When we learnt it was another day of cement making, we were all a bit hysterical. So, what better way to do a not-so fun job than to dance around in between? Maddi showed us her Australian moves (the window wipers were my personal fave) which the kids loved, which I will for sure be using in Pryzm or Live Lounge come September (at which point all the volunteers will bow their heads in shame…).

I should probably point out at this point that Maddi, the bubbliest Australian you’ll ever meet was and is, quite literally, off her trolley. So we made a good pair. We also jumped rope which the kids were amazing at, but me and Maddi? Not so good, we lasted about 20 seconds.

I should also point out at this point that I’m a bit gullible.

While eating dinner, Maddi and I were talking about Steve Irwin and when Maddi said (as a joke) ‘In Steve We Trust,’ as an Australian I thought that she respected him so much and that a non-Australian like myself talking about him was offensive, so I blubbered away trying to apologize and I just said ‘Oh, um, steve, I’m sorry!’ to which everyone burst out laughing and kept reminding me for the remainder of the trip. I don’t think I’ll ever live that down.

The second part of the day consisted of building a wall. So Iain, Sarah and myself were on wall duty. Up until this point I’d been a bit scared to speak to Iain because on first appearance he is frightening. He’s a Scotsman, big, ginger with an impressive beard, a chain smoker and I thought up until that point judgmental. I was so, so wrong.

Because quite frankly, Iain is now one of my favourite people. His blunt approach to life is hilarious, and no one can deny that a Scottish accent just makes everything a wee bit funnier.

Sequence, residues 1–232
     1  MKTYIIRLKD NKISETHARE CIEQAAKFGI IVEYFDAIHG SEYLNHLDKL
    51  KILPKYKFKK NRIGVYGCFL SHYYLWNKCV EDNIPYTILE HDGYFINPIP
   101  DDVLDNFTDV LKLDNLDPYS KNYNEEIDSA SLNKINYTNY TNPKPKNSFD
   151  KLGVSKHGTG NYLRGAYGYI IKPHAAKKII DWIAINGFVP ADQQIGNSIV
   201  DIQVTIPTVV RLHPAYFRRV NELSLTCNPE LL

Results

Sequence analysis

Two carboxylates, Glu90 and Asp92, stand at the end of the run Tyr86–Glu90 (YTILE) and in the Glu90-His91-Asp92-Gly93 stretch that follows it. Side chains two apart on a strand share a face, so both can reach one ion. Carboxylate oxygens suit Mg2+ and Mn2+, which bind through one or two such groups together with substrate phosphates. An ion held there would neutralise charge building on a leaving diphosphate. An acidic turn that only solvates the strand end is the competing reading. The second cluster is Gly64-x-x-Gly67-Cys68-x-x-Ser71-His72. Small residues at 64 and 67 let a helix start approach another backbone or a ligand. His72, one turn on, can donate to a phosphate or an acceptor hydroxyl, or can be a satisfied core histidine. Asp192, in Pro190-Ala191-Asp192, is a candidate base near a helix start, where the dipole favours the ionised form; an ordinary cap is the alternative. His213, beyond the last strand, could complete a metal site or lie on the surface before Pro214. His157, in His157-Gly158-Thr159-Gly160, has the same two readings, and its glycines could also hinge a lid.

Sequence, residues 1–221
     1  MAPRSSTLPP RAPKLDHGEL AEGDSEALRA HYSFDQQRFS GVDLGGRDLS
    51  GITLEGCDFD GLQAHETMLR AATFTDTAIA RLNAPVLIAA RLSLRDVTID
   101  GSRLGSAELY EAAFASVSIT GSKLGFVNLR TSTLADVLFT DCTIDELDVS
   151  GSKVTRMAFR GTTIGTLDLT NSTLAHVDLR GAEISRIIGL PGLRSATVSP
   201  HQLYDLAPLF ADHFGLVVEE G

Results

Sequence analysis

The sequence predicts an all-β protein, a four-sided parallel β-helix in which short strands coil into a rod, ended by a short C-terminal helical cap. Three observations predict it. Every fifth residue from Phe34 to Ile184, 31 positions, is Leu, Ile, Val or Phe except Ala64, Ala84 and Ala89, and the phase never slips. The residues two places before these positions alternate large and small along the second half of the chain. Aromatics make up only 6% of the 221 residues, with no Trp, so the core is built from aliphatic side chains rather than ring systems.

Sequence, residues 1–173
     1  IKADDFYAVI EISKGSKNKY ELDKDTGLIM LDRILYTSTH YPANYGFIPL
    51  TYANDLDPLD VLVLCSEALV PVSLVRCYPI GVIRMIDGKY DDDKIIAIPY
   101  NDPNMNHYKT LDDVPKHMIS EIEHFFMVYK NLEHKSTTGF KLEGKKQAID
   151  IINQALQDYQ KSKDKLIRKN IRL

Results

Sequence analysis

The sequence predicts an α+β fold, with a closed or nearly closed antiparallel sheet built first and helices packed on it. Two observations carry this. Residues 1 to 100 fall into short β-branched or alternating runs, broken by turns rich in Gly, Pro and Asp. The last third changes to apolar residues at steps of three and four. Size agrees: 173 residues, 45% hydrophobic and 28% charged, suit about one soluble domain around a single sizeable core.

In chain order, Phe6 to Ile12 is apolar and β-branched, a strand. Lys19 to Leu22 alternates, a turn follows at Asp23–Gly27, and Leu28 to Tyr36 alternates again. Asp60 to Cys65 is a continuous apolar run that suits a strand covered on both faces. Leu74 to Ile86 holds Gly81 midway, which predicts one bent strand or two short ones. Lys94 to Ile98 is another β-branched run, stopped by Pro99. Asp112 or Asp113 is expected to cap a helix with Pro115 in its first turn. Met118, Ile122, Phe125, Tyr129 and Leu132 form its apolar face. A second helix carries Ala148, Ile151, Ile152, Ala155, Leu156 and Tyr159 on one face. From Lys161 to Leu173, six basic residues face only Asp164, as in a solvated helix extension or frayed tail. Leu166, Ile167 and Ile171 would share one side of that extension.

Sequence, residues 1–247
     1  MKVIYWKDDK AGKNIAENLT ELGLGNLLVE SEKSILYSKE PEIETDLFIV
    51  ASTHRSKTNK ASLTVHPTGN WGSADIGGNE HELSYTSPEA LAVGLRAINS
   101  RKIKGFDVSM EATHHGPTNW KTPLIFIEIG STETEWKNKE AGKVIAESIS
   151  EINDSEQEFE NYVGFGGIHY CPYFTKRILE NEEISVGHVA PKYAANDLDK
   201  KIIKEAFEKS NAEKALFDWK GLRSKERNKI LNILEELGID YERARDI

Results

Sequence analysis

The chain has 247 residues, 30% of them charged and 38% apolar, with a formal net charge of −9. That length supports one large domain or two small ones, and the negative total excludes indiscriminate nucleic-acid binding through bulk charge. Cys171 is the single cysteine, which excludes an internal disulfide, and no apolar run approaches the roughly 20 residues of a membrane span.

After making our wall, Paula destroyed it, so my hopes of being a builder were shattered, but hey-ho shouldn’t dwell too much on the past and all that should you?

Night approached, and we were all in good spirits, chilling with beers, chocolate and biscuits on hammocks and cushions under a star-lit sky. Poor Ellie (the annoying cousin who had the cutest face) though was truly in the wars between being ill and to top it all off she had mould all over her rucksack.

Bless.

Apart from that though, it was a pretty good day.

 

Day 8

 Maddi started our day by giving everyone a running commentary (the footage is on Nicole’s camera) while crossing the river about the probability of dying while trying to reach the other side… just what you want to hear on halfway day.

We started making holes, which would be for the swing that we were building, mixing some more cement and heaving some wheelbarrows full of grit backwards and forwards, up and down the hill in Cacha. I had a machete (I know, I know, what were they thinking?) and was leading the way, slicing the long grass as we went along, making sure no snakes were lurking beneath the greenery.

After our morning session, and lunch (hot dogs, which we were all super excited about, which Precious was also really excited about) we made some more holes (which would be for the shelter we were building) and more cement. Afterwards we ended up legging it to the shop in hope for some muecas (I can’t explain how incredible these biscuits were) and sweets. Our bucket showers were very much appreciated today.

Aleena had many a talent between her hockey skills and multilingualism, but one thing she had hidden up until this point was her bollywood dancing skills, After dinner, some of the kids came to chill with us, and Aleena having her speaker nearby chose bollywood/indie music, and taught the kids how to dance. They picked it up instantly, and so did most of the girls.

I decided to observe after my first and final attempt.

Cards Against Humanity was suggested for our entertainment tonight, and all I can say is that I am 100% the worst Card Against Humanity player that’s ever lived. I am EXTREMELY competitive (more on this later on,) sometimes too much, but in this game I was mute and speechless at some of the sentences. Despite my muteness, it was a lot of fun to watch others crease at some of the stuff that was said.

It was another late night, 9pm (gasp, shock, horror!) and off we trundled to bed.

I forgot to mention, Omar had found a scorpion in his towel while showering, and luckily found out before using it. We later drank the crushed scorpion a few days later as a farewell shot, which was still as disgusting (with the leaves and all the other stuff in it).

It’s not every day you can say you drank the remains of one of the most poisonous scorpions in Ecuador…